Charles O'Hay



Check any that apply:                                                                                                                                                    [ ] Hypertension
[ ] Insomnia
[ ] Black cat bone                                                                                                                                                           [ ] Ruby slippers
[ ] Blood in the ambrosia
[ ] Tremors in the sacristy
[ ] Sudden anguish
[ ] Glass fatigue
[ ] Synchronized weeping
[ ] Moral fluidity
[ ] Unplanned divination
[ ] Inability to see laughing people                                                                                                                              [ ] Motion sickness  
[ ] Sleeping sickness
[ ] Braille chalkboards
[ ] Three birds on a two-bird branch                                                                                                                           [ ] A glass of flaming bitters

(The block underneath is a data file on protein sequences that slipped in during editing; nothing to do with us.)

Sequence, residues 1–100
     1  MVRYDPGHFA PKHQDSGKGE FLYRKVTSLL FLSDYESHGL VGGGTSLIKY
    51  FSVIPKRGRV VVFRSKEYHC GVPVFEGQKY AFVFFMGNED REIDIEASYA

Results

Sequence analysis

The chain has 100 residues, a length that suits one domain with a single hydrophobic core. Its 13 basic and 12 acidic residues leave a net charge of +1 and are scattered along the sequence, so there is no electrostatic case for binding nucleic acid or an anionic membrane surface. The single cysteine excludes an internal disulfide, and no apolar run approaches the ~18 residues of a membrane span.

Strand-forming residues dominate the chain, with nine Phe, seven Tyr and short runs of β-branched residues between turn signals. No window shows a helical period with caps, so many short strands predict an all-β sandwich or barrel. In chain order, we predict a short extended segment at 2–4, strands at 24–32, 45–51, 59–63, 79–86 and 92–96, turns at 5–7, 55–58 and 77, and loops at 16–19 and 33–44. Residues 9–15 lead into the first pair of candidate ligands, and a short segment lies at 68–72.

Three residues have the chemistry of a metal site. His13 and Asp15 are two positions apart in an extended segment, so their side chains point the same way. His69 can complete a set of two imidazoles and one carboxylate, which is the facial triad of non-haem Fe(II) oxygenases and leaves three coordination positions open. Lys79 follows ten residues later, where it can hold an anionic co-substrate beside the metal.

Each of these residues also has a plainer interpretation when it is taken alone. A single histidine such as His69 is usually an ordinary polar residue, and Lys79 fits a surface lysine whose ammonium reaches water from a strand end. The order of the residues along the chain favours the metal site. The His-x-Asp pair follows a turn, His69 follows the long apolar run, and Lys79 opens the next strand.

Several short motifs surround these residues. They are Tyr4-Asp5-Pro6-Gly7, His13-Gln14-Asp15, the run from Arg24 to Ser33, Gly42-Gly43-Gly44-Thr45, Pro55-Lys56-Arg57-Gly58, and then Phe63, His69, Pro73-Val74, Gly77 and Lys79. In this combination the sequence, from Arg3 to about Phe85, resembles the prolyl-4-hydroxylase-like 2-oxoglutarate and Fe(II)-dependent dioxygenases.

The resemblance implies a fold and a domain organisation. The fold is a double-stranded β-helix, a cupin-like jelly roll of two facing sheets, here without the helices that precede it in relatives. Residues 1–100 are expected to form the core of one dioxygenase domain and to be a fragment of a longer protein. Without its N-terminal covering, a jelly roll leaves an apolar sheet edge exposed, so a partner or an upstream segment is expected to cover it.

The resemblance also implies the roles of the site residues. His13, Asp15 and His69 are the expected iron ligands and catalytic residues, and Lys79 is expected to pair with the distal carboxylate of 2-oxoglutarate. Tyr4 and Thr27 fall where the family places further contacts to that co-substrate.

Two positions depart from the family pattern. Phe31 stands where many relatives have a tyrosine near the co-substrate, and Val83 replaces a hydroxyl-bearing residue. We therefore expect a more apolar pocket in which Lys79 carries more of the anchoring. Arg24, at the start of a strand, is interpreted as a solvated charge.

[ ] The shock of it all
[ ] Can you imagine?
[ ] So many frogs

Dancing in the Crossfire

Another pandemic afternoon. Life’s a killer and we all have it. There is no fear of contagion. We toss the sunlight back and forth like a baseball. Like amputees, we adjust our devices. Like consumptives, we talk through our masks. On litmus paper addressed to some ancient summer, I write my grandfather: “What did you feel when you killed those men in the war?” He writes back, “I felt I wanted to live.” We are all dancing in the crossfire. Not long from now, a cloud of locusts will cradle the last dying volt, the last electrical hiccup to pass through the wires. It will sound like a prayer, only more so. Until then, catch the ball. Throw it back.

Charles O'Hay is the author of two collections—Far from Luck (2011) and Smoking in Elevators (2014)—both from Lucky Bat Books. His work has appeared in over 150 literary publications, including Cortland Review, Kentucky Review, and New York Quarterly.